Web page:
So, the MARINES are sent to deal with a power struggle where Space Corporate Saddam Stand-In Marston St. Cyr has rebuilt an army of ancient, previously forgotten vehicles called “tanks” and used them to seize total control of a resource-rich world. Once they get past the weasely politicians and non-MARINES, the MARINES have to fight a giant tank army. And I use the term “tank army” literally.

You have the MARINES, the non-MARINE weasels, the puppy cute space pet-kicking (literally) supervillain, the damsel in distress.

DEEP HISTORY OF TEM

There are more than a few infodumps here, and not just of the “MARINES awesome, other branches bad” variety. The infodumps about the past of armored warfare in-universe are particularly cringeworthy-especially since I detected an author rant at more than one point.

Basically, tanks never tried to counter increasingly penetrative ATGMs through indirect means (active protection systems, jammers, or just better tactics), instead plopping armor on until the “M1D7” reached 360 tons, twice as much as the infamously unworkable Maus. It could barely move and the “Straight Arrow” anti-tank thingies smashed it anyway. Although in what I hope was a typo, the “Straight Arrow’s” stated penetration value is equal or less than second-tier Cold War ATGMs like the Dragon and Metis.

So tanks went bye-bye, until now. Now having to face “new” tanks, these centuries-old weapons (which are infodumped as having a guidance system, but are treated as ordinary bazookas in-practice) are reverse-engineered, so it’s like fighting people wearing armor with reverse-engineered big muskets.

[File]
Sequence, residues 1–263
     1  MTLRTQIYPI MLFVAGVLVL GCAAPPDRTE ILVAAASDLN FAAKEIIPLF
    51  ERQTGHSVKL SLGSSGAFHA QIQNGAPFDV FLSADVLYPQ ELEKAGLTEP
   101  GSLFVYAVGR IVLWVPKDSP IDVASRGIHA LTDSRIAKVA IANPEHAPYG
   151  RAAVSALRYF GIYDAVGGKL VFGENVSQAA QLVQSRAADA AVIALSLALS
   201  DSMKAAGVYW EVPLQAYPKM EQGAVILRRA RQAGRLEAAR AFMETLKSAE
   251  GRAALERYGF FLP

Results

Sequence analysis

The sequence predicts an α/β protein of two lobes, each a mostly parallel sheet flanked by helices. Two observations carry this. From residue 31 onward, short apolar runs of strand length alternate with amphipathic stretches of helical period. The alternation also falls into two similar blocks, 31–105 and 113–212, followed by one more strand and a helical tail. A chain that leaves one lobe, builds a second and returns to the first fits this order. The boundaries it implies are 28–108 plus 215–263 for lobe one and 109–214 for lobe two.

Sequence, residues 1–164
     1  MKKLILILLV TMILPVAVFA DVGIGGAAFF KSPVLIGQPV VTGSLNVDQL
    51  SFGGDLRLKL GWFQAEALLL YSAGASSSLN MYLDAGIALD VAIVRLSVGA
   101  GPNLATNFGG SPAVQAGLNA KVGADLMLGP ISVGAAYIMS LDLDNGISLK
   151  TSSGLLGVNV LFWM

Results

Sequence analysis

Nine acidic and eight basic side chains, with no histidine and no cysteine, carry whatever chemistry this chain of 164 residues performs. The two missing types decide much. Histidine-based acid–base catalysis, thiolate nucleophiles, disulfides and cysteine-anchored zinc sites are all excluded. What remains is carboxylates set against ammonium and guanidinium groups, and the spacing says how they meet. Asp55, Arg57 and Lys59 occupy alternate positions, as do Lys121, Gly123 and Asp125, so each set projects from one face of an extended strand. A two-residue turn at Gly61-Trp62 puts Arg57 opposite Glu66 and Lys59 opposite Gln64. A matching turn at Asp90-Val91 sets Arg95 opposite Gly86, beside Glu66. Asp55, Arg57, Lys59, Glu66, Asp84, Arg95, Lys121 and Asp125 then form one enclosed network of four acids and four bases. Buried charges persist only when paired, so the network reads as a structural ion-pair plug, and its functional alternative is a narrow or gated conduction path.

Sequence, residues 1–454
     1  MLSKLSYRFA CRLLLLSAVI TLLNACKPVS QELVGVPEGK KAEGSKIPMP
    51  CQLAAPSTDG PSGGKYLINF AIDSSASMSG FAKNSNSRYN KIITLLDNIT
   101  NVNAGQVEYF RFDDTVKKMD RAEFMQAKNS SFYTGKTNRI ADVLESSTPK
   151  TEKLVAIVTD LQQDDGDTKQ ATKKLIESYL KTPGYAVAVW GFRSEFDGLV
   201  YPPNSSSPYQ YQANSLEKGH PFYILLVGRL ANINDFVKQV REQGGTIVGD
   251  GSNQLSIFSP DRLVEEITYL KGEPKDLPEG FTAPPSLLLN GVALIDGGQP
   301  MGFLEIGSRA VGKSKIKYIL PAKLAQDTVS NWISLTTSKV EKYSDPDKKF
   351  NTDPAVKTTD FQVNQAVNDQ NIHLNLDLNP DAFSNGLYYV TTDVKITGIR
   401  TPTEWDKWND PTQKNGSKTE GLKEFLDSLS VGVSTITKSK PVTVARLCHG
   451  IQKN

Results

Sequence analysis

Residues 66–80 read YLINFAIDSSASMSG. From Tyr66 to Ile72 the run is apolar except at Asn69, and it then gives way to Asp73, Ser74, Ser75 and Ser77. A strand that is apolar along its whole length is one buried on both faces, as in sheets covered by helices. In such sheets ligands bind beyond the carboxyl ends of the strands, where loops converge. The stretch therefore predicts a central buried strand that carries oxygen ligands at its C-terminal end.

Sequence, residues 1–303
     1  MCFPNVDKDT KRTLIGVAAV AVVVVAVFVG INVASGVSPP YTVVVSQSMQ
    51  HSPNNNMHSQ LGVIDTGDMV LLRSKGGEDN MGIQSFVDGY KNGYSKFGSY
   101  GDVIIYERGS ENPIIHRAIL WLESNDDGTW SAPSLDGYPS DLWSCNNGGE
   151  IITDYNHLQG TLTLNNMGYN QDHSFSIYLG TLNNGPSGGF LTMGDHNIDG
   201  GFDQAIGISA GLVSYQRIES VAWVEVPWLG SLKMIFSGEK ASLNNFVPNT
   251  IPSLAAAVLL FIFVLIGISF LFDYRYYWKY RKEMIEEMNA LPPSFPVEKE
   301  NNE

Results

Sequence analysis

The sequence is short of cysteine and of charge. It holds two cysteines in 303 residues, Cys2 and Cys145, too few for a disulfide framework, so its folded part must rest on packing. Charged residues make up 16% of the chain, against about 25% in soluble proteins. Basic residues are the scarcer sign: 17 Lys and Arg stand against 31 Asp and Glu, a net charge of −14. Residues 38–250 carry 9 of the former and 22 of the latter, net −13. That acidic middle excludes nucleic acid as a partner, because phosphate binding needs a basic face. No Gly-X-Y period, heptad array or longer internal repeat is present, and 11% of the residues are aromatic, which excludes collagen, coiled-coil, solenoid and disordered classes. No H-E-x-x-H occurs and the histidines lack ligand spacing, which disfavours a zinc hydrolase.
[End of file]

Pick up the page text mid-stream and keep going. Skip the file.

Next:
Zombie Sorceresses

Well, the contrivances run very high here. The MARINE FIGHTING MEN have to face challenges, but the enemy has to behave in a way that doesn’t actually diminish the MARINE FIGHTING MEN. There’s a lot of “Oh look how much danger they’re in” statements that don’t sound credible, to put it mildly.

Tank Booms

There are lots of tanks booming. Their guns boom, and they boom when they explode. In the category of literal tank booms, this book has even Team Yankee or Tin Soldiers beat.

The action is not bad, but most of the first three-quarters of the book involve MARINE FIGHTING MEN destroying unsupported tank formations. The enemy artillery is stuff mounted on tanks, the enemy “infantry” is mentioned as dismounted tank crewmen (who still fall victim to our heroes as easily as their rides do), and the enemy tanks are prey for the MARINES. There’s a ridiculous “copy an amphibious landing with hovercraft” scene at the start which just seems redundant given that they’re landing from space.

The gap between theoretical and actually perceived danger is very big in this book. There’s lots of “Oh no, the undersupported MARINES are facing enemy reinforcements” statements, but almost every battle is just them hitting badly-handled tank-pure formations and wrecking them.

Then (after yet another swipe at the non-MARINE branches), the final act consists of a cloak and dagger plot and chasing Space Corporate Saddam Stand-In Marston St. Cyr himself through the mining tunnels. Here it declines a bit, as the axe-grinding combat gives way to simply decent-ish cheap thriller action.

The Only Score That Really Matters

This is one of the highlights of the Starfist series. Seeing MARINES battle a strawman distorted tank force makes for a delightfully laughable tale. The tropes tip over into unintentional cheesy fun, and the book is all the better for it, helped by better fundamentals than the Starfist series sometimes has.